Aug. 08--NEW HAVEN -- A West Haven man is in critical but stable condition after his motorcycle and a city Fire Department truck collided at the intersection of Woolsey and James streets Thursday evening.
The motorcyclist was identified as Casper Amodio Jr., 53, of Brown Street, said police spokesman Officer David Hartman.
Engine 10 out of the Lombard Street station was responding to a medical call on Woolsey Street when it and the motorcycle collided at about 5:35 p.m., said Fire Chief Allyn Wright.
Police are in the process of reconstructing the accident, Hartman said. That will include the determination of the motorcycle's speed.
"Interviews with the firefighters indicated they didn't even see the motorcycle coming," Hartman said.
There was a long skid mark on the asphalt that lined up with the motorcycle's path of travel.
"We have nothing to indicate at all that the operator of the fire truck did anything wrong," Hartman said.
Hartman said in a later release that Amodio was not wearing a helmet at the time of the crash.
"Witnesses at the scene reported the motorcycle was traveling at a high rate of speed," Hartman said in the release.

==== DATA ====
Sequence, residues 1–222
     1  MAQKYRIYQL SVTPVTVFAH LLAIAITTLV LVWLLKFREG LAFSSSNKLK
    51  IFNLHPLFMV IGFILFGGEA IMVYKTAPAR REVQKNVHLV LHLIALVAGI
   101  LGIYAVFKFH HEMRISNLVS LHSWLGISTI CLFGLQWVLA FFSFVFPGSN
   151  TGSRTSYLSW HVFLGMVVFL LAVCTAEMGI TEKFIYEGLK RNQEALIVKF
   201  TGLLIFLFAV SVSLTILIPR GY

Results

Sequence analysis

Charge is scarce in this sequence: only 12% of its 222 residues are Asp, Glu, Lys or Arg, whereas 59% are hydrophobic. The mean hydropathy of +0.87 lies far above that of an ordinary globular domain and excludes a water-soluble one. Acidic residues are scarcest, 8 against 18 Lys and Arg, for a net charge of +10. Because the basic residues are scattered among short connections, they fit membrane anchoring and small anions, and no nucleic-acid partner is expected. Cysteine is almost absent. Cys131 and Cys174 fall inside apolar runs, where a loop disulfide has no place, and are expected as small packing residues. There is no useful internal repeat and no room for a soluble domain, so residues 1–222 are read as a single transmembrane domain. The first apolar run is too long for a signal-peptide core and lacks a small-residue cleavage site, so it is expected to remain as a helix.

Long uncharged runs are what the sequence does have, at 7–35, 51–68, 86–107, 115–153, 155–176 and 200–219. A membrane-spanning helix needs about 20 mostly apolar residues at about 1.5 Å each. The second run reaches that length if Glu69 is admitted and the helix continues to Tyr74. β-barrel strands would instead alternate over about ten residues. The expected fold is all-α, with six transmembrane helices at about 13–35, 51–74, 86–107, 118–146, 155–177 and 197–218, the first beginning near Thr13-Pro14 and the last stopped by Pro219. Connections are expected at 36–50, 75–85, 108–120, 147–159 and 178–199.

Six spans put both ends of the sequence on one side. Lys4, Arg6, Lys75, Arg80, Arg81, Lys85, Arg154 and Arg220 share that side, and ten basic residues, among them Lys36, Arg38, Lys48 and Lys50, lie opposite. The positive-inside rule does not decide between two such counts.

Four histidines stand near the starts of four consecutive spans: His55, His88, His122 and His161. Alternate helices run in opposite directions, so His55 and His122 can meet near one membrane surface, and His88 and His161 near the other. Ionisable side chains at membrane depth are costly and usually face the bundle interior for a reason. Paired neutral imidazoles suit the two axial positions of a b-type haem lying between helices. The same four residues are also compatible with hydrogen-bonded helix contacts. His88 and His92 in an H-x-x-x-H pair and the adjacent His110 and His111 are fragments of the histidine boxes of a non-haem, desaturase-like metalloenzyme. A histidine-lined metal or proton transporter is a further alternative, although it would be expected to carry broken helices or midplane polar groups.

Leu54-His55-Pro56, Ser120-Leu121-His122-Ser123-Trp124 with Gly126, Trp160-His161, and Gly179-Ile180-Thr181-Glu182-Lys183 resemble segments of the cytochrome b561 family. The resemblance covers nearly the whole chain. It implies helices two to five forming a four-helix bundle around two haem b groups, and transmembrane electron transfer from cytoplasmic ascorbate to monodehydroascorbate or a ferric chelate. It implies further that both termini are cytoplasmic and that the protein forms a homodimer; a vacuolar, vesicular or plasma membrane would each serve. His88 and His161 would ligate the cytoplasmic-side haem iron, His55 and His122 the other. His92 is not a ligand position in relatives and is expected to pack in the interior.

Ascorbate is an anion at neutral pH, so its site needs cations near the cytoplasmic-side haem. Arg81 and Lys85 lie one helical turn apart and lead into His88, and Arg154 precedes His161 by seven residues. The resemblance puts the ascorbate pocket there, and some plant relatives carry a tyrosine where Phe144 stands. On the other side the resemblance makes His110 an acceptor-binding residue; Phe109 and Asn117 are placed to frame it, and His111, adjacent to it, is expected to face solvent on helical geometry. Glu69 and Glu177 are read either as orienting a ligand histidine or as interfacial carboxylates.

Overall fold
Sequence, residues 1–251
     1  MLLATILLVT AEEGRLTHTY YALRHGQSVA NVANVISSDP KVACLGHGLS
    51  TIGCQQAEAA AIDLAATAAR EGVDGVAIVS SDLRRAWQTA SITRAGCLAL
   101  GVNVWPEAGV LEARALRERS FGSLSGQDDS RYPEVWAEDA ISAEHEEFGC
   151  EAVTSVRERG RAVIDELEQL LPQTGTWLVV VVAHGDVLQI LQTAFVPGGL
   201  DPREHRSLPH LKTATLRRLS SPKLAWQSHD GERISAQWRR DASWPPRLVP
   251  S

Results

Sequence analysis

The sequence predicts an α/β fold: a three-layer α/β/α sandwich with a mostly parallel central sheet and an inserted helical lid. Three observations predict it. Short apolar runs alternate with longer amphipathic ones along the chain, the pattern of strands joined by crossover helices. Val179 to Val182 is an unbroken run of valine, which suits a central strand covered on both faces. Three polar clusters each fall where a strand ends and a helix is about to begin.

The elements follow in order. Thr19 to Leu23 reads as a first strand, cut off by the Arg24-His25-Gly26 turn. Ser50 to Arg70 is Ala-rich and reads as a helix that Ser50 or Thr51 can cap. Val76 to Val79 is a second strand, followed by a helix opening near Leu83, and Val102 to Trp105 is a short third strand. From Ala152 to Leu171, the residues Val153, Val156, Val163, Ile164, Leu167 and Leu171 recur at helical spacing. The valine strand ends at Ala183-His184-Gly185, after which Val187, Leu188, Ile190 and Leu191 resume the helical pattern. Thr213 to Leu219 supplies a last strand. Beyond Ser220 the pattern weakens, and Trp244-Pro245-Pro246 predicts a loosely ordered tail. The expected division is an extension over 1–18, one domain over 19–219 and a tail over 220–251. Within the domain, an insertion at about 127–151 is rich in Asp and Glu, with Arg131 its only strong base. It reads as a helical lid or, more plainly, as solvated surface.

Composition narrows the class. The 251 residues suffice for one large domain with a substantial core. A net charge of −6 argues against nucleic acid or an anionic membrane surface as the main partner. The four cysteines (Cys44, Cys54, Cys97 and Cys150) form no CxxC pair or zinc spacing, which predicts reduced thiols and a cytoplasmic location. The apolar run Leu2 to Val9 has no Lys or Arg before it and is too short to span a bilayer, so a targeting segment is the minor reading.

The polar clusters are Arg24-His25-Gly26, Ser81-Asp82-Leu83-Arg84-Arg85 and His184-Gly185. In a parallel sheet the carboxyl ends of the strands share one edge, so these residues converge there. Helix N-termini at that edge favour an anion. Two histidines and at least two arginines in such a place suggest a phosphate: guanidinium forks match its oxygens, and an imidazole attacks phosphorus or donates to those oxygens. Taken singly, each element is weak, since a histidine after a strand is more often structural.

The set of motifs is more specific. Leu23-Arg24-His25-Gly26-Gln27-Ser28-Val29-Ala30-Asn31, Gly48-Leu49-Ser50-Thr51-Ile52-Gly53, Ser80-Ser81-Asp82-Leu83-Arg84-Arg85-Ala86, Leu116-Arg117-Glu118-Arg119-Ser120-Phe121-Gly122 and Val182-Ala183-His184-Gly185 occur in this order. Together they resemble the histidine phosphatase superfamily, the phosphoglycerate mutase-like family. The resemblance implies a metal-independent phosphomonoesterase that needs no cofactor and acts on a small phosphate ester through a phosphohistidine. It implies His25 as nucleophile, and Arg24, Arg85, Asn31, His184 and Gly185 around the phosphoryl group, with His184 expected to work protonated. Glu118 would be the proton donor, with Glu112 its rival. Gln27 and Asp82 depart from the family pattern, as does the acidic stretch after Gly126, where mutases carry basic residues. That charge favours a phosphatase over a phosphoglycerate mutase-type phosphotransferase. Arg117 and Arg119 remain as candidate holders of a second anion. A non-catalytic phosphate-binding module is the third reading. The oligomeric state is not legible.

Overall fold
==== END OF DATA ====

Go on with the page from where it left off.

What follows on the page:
However, he said, "It should be noted that an individual's perception of speed is not always accurate."
The fire truck and motorcycle were still at the scene Friday evening. Amodio's sneakers were in front of the motorcycle that was partially under the truck.
Neighborhood resident Danielle Cornelius said she looked out of her second-story window when she heard the fire engine's sirens. The motorcycle was traveling down James Street from Chapel Street as the fire engine was making a left turn onto Woolsey Street.
Cornelius also said she did not see a helmet. Firefighters rushed out of their apparatus and aided Amodio.
"They were .. .doing CPR immediately," she said.
Amodio appeared to have severe injuries to his head and hip, she said.
The four Fire Department personnel weren't injured, Hartman said.
Wright also said the firefighters were OK, but shaken by the incident. They have been offered the city's Employee Assistance Program.
"This type of forensic investigation is very in-depth and can take weeks, if not months for any final conclusion to be realized," Hartman said in the release.
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